Inside Sinclair: What employees are saying about the controversy

Ex-Sinclair reporter calls out the company
Ex-Sinclair reporter calls out the company

The controversy over Sinclair Broadcast Group's media-bashing promos has quieted down. But the headache isn't going away.

Inside some of Sinclair's local TV stations, there have been small acts of rebellion — anchors who refused to read last month's promos, reporters who have spoken out against the company's mandates. There's also resentment toward Sinclair management.

Those feelings are not universally held, however. Staffers are divided over the significance of Sinclair's corporate interference: Some are so disturbed by it that they want to quit, while others are more tolerant. Some are relieved that the company's conservative tilt has been highlighted by the national news media while others believe the issue has been overblown.

But whether they agreed with the promo campaign, or were aghast by it, all of the sources interviewed by CNNMoney in the past week agreed that company morale is low. One longtime staffer even used the word "despair."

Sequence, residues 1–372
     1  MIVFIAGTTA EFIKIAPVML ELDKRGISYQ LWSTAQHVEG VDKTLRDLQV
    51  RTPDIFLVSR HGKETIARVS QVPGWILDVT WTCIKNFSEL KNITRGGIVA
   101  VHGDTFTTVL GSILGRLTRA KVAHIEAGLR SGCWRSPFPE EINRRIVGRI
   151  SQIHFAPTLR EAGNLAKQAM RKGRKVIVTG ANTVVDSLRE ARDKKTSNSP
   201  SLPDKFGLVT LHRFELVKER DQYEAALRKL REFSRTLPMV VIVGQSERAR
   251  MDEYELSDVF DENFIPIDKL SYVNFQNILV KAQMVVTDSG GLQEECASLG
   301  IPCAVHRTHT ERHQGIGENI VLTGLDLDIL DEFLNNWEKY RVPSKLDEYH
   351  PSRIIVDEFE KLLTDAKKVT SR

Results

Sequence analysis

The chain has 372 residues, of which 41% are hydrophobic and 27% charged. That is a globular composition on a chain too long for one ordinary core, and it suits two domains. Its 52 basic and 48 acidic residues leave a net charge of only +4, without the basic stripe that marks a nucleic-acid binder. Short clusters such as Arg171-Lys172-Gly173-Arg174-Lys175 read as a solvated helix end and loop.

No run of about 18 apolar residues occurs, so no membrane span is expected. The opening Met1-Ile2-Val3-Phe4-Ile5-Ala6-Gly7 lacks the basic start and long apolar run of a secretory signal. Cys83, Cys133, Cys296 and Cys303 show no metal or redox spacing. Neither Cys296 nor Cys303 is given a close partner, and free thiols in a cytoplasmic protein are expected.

CNNMoney spoke with 13 current and two former staffers from a cross-section of Sinclair-owned TV stations, plus sources inside management, most of whom insisted on anonymity.

"This is so much bigger than us," one local anchor remarked. "I don't want people to lose faith in journalists."

That's ultimately what this controversy is about — the credibility of local journalists and the stations where they work.

Anchors and reporters are concerned that their credibility has been dented by Sinclair's "journalistic responsibility campaign."

Anchors read a script decrying 'fake' and 'biased' reporting

sinclair broadcast group media bashing promos
Deadspin compiled the promos in a video that went viral. It showed dozens of local Sinclair anchors reading the same script.

Deadspin compiled the promos in a video that went viral a week and a half ago. It showed dozens of local Sinclair anchors reading the same script decrying "fake" and "biased" reporting — echoing President Donald Trump's anti-media messaging.

Multiple anchors had previously alerted CNNMoney to the promo requirements because they felt it was inappropriate. But the video mash-up made it "real" and rattled the company's newsrooms from coast to coast.

Now there are dismayed and disappointed Sinclair journalists from coast to coast. Even some employees who didn't originally object to the language are now embarrassed by the fallout.